The Russian government has pledged to support the country’s metal sector despite allegations of tax dodging. During the past decade, Russian metal companies have invested some 900 billion rubles ($29.7 billion) to upgrade and modernize their production facilities, Russian Prime Minister, Vladimir Putin, announced on July 23. In the first half of 2010, the country’s metal sector reported a healthy growth rate of 20 percent, he told a top-level government meeting in Chelyabinsk, Russia’s major hub of metal production (Interfax, ITAR-TASS, RIA Novosti, July 23).
The Russian ferrous metal sector is responsible for 4 percent of the country’s GDP and 7 percent of its exports, Industry and Trade Minister, Viktor Khristenko, told the meeting on July 23. In the past decade, annual tax payments by Russian metal companies increased by 22 billion rubles ($726 million) up to 152 billion rubles ($5 billion), he said. Russian metal plants aim to produce up to 90 million tons annually by 2020, Khristenko added (RIA Novosti, July 23). In 2009, Russia produced around 60 million tons of crude steel, according to the official statistics.
Russian regional officials also reiterated such pledges to support the country’s metal sector. Chelyabinsk regional governor, Mikhail Yurevich, told the same meeting that metal producers should be further relieved from the current tax burden. He suggested cutting some regional taxes, including property tax.
Russian metal producers are capable of emerging as the world’s leading companies in terms of productivity, energy efficiency and management quality, Putin said. However, he conceded that the country’s metal companies still have a lower productivity and consume 15-20 percent more energy than their foreign counterparts. Putin also urged substituting imports of some steel products, notably for the domestic automotive sector, and speeding up the development of coking coal deposits (Interfax, ITAR-TASS, RIA Novosti, July 23).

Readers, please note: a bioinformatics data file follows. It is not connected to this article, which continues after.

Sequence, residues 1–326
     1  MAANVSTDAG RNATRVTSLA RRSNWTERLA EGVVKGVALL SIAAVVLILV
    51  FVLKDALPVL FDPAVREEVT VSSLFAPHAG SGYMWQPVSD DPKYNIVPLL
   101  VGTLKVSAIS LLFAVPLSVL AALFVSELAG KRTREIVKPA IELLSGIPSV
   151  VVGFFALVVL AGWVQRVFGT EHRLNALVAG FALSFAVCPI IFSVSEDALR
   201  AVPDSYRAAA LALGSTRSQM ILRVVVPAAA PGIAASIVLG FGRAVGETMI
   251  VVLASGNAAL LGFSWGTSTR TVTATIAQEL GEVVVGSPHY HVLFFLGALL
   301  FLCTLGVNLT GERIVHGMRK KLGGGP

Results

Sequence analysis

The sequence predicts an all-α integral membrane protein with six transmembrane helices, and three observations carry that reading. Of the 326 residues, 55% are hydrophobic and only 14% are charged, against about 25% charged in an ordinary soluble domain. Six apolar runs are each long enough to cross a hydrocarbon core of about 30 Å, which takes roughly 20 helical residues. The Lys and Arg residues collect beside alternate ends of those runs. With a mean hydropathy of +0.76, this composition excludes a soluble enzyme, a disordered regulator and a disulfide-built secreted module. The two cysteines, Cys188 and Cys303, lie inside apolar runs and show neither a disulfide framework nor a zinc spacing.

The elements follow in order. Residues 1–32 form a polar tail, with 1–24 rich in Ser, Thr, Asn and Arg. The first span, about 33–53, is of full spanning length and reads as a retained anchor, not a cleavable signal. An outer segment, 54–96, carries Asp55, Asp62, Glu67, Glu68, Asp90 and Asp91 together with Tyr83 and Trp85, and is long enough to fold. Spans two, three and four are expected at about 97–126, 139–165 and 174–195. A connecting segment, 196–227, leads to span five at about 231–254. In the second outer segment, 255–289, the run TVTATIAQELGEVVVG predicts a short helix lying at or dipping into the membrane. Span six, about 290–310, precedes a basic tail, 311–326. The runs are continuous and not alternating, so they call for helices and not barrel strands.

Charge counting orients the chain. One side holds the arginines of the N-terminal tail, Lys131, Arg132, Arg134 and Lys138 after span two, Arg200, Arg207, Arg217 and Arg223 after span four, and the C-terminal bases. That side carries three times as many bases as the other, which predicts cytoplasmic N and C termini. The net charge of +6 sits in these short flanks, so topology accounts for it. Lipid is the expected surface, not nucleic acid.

Meanwhile, as the government pledged to support the sector, the Russian metal producers remain protected by import tariffs and quotas. On July 23, the Deputy Finance Minister, Sergei Shatalov, said that the government had no plans to levy any additional taxes or increase the tax burden on the metal sector (Interfax, July 23).
However, Putin, while addressing the meeting on July 23, sharply criticized local steelmakers for violating anti-trust legislation and driving up the domestic prices of metal products. He also noted that one of the country’s major steelmakers, Mechel, recently accused of tax evasion and using transfer pricing schemes, learned from the government’s criticism. Mechel consequently managed to start working “normally,” Putin asserted (Interfax, ITAR-TASS, RIA Novosti, July 23).
In July 2008, Putin lashed out at Mechel, claiming that the company had avoided taxes by selling coking coal to foreign affiliates for about one-quarter of the price it charged domestic buyers. Putin accused Mechel of dodging Russian taxes by selling metal products and coking coal to foreign affiliates at rock-bottom prices. Subsequently, Mechel pledged to fully cooperate with the Russian federal authorities. Transfer-pricing schemes have been widespread in recent years, as Russian companies typically evaded taxes by selling raw materials to offshore affiliates at knockdown prices, which then made a sizable, untaxed profit. Current Russian legislation stipulates that prices should not be different from market prices by more than 20 percent, but this clause remains unclear and it is rarely used in the courts.
In late 2008, the Russian finance ministry drafted amendments to the country’s tax legislation aimed at dealing with the transfer pricing schemes. The proposed amendments would introduce stricter controls over prices in transactions between related parties in order to have these transactions taxed according to market prices. However, Russian lawmakers have been slow to adopt the amendments.
The Federal Anti-Monopoly Service (FAS) found that many Russian metal and coal companies keep using transfer pricing schemes and violate anti-trust regulations, according to the Director of the FAS, Igor Artemyev. Russian companies still sell to their off-shore subsidiaries at two or three times less than domestic prices, he said (Interfax, July 23).
Russia’s major consumers also criticized local steel and metal producers for inflating domestic prices. Nikolai Tokarev, the head of the country’s pipeline monopoly, Transneft, suggested increasing export duties and cutting import tariffs levied on metal products in order to encourage competition (Interfax, July 23). Artemyev argued that Russian domestic metal prices are 15-20 percent higher than international prices, and suggested creating a metals exchange in Russia in order to determine reliable market price indicators (Interfax, July 23).
The Russian government has long sought to counter transfer pricing schemes by prioritizing the domestic market. In 2008, some government officials floated a plan to force coking coal producers to sell a minimum of 50 million tons of their annual production (or 90 percent of the country’s annual output) on the domestic market. However, these plans, as well as other government ideas to combat transfer pricing schemes and anti-trust violations, have been slow to materialize.